Ribosomal proteins in zebrafish haematopoiesis and human disease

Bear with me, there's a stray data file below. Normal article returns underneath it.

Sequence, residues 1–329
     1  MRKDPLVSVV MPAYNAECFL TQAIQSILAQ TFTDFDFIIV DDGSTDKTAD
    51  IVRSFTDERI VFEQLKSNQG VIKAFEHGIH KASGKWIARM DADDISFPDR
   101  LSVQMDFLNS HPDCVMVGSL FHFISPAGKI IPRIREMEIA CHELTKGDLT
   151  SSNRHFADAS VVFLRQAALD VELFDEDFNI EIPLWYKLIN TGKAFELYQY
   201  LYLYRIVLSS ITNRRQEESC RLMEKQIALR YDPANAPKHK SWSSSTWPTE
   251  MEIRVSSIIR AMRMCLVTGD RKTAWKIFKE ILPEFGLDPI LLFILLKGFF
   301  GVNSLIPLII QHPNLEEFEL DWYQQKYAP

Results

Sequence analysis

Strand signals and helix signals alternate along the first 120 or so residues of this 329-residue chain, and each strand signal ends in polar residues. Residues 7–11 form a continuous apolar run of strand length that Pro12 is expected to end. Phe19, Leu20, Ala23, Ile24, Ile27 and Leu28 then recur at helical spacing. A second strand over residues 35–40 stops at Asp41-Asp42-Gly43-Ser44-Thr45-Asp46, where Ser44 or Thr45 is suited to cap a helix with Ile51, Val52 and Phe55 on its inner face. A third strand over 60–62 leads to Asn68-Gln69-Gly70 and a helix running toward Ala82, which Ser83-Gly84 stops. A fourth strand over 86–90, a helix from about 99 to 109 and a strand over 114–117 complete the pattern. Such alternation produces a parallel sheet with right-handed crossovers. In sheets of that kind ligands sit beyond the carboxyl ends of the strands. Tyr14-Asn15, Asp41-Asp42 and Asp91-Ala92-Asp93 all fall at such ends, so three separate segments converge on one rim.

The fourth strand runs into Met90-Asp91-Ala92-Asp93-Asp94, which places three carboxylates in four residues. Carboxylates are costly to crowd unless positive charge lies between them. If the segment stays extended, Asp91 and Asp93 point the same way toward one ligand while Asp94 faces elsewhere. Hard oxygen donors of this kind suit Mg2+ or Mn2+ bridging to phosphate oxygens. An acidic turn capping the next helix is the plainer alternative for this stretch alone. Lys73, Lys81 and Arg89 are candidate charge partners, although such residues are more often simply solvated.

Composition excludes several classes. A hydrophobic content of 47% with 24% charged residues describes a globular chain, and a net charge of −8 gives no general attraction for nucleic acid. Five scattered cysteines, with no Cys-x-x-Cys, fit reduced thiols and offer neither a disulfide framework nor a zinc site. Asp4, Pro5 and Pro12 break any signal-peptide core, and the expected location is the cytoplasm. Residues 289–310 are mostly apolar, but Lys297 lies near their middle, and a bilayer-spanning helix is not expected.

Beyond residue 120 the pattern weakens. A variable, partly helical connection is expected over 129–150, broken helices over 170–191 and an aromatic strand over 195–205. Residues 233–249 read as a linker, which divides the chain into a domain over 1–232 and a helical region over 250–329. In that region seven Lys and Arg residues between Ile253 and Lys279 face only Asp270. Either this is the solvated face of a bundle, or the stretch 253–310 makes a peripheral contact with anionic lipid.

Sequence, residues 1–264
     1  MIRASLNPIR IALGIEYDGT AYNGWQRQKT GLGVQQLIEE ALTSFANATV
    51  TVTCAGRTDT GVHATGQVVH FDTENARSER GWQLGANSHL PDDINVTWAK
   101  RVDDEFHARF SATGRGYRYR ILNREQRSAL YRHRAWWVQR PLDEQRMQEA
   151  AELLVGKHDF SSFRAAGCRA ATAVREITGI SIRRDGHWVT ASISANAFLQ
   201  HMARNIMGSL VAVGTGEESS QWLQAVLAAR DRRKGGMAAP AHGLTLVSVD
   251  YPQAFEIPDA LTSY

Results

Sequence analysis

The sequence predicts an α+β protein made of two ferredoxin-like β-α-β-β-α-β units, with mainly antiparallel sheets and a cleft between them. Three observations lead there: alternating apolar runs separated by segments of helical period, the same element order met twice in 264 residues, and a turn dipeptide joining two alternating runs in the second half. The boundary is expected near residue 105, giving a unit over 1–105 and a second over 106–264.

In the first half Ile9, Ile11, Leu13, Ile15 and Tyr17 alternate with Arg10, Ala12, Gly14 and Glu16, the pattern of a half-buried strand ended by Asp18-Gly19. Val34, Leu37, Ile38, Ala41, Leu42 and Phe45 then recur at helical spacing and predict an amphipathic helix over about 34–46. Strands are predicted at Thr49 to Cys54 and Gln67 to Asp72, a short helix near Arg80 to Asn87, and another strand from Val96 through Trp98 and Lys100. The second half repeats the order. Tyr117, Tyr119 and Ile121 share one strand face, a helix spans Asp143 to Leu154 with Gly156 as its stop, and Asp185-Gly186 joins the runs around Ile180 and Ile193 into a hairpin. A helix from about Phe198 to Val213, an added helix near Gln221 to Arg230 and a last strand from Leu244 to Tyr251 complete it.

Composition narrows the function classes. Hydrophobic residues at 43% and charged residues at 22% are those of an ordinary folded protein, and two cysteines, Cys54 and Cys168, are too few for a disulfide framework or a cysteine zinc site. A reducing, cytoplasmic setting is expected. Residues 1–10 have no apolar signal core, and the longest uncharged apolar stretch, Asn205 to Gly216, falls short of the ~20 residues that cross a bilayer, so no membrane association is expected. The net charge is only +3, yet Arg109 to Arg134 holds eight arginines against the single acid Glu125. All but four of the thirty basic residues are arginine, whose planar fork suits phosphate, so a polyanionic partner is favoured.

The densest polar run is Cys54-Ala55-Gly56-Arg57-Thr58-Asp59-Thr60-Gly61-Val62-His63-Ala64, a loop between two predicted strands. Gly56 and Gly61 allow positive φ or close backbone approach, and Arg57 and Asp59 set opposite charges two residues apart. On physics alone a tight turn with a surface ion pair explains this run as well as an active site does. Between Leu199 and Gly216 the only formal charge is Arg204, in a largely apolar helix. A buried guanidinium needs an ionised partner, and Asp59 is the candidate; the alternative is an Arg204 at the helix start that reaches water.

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Several congenital disorders of human haematopoiesis including Diamond- Blackfan anaemia result from heterozygous loss of genes involved in ribosome biogenesis. Further, hemizygosity for ribosomal protein gene RPS14 has been implicated in the pathogenesis of myelodysplastic syndrome with loss of 5q, suggesting that genes involved in ribosome biogenesis may act as both haploinsufficient tumour suppressors and regulators of normal haematopoiesis. Ribosome biogenesis is highly conserved through evolution and readily studied in simple organisms such as yeasts. However the zebrafish provides a wellestablished genetic model system which is ideally suited to rapid assessment of vertebrate haematopoiesis. I have therefore used the zebrafish to study genes involved in ribosome biogenesis and their effects on developmental haematopoiesis relevant to human disease. Presented in this work is investigation of the effect of disruption of 4 genes known to be involved in ribosome biogenesis on zebrafish haematopoiesis. Firstly, I describe a gene, Dead-box 18 (ddx18), identified in a forward genetic screen, whose disruption results in defective haematopoiesis and embryonic lethality. Secondly, I have studied the effects of loss of zebrafish orthologues of the human nucleophosmin gene (NPM1), the most frequently mutated gene in human acute myeloid leukaemia. Loss of Npm1 resulted in aberrant numbers of myeloid cells. Heterologous overexpression of mutated NPM1(NPMc+) resulted in increased production of haematopoietic stem cells suggesting a role for NPMc+ in pathogenesis of AML. Finally, I have shown that loss of Rps14 and Rps19 result in anaemia in developing zebrafish and have investigated p53-independent mechanisms for this effect. The findings described herein demonstrate that disruption of normal ribosome biogenesis frequently results in abnormal developmental haematopoiesis. Further genetic assessment of these tissue-specific pathways deregulated by loss of normal ribosome function may represent an important common mechanism underlying the pathogenesis of congenital and acquired disorders of haematopoiesis, and may provide novel pathways for therapeutic targeting.
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